We learn from Martha and Mary that faithfulness to Jesus does not shield us from the pain, grief and loss of death.  As I look out in the congregation gathered here this morning, I see that many, no, most of you have been stung by death.  You have lost parents to death, and you think about them often.  You have lost family members, siblings and spouses to death, and a significant part of you is buried with them.  Some of you have even lost children to death, that most unnatural and heart-wrenching experience that no parent should face.  In the midst of these deaths, we grieve in our own ways, some publicly but more often in private.  The depth of our grief is often the manifestation of the depth of our love.  We don’t know if we can ever “get over” the death of a loved one.  More often than not, we just learn to carry that loss with us, as their absence slowly becomes a part of who we are.  “It is time to move on,” we hear from well-meaning friends, and sometimes even from ourselves.  But moving on seems like a betrayal, and yet, this dark valley of grief doesn’t seem to be the most hospitable dwelling place. 

Yet, in this story, we also learn that, it is precisely in the midst of our pain, in the depths of our grief, in the emptiness of our loss that Jesus is there — with us, and for us.  No, Jesus does not act exactly when, where, and how we think He should act.  Jesus was late in arriving to Bethany, but when saw Mary weeping and was shown Lazarus’ tomb, the Bible says Jesus was “deeply moved in spirit and troubled.”  What the Bible literally says was that Jesus “snorted with anger in the spirit and was agitated.”  Jesus was angry that in this fallen world, the power of death still holds sway, wreaking havoc and devastation upon family and friends.  Jesus did not minimize the power of death.  Instead, Jesus honestly faced death with Lazarus’ sisters, and Jesus wept not only in sympathy with their grief, but also in agony because he knew that the hour is coming when he would have to confront the power of death.  

Lazarus died because that’s the reality of our present world.  Apart from trust in God, this world is a cemetery.  The point was not the raising of Lazarus, for Lazarus was not resurrected, he was only resuscitated.  Lazarus would die again.  In fact, after Jesus called Lazarus’ name to come out of the tomb, the Fourth Evangelist wrote: “The dead man came out, his hands and feet wrapped with strips of linen, and a cloth around his face.”  Lazarus was a dead man walking, still defined by death.  His body was still wrapped by the markers of mortality.  And so are we all.  Some of us might escape death longer than others, but we all are going to die.  The point was not the raising of Lazarus, but the resurrection of Jesus and the glory it will bring to God.  Seen in this light, Lazarus’ resuscitation became a rising sign of hope, a sign that points to what will happen to all humanity who believe that Jesus is the resurrection and the life.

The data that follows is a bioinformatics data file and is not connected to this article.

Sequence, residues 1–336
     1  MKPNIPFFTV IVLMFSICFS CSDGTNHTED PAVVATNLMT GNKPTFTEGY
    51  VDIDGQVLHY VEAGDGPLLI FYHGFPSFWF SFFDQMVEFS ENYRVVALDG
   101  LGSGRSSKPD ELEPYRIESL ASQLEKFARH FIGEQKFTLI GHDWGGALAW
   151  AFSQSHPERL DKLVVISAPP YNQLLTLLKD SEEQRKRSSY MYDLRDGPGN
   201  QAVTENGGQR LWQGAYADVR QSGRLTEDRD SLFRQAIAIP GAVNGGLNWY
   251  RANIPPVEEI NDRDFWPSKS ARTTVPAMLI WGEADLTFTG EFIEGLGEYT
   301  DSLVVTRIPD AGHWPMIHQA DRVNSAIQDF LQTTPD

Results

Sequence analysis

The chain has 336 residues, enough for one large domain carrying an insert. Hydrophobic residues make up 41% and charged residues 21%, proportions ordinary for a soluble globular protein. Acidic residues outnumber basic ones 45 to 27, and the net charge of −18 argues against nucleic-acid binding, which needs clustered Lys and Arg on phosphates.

As we draw toward the end of the season of Lent, once again we are invited to face death—ours and the ones we love.  But we need not wallow in it, because when we look at the face of death, we find the grace of God.  The Good News of Lent and Holy Week is that, like Lazarus, life steps out of an open tomb.  And even if we are like Martha and Mary in the face of death, conflicted between frustration and faith, head knowledge and heart longing, belief and doubt, Jesus does not count that against us.  He comes to offer us life anyway.   Therefore, we have hope that even in the deep despair of our night, joy returns in the morning. 

Dan Clendenin writes: “Winter will not last forever; spring will come. Lenten darkness, repentance and sorrow have their rightful place with us, but Easter resurrection is our destiny.”[1]

Jesus said: “I am the resurrection and the life. Those who believe in me will live, even though they die; and whoever lives and believes in me will never die. . . . Do you believe this?”  Amen.

[1] http://www.journeywithjesus.net/Essays/20080303JJ.shtml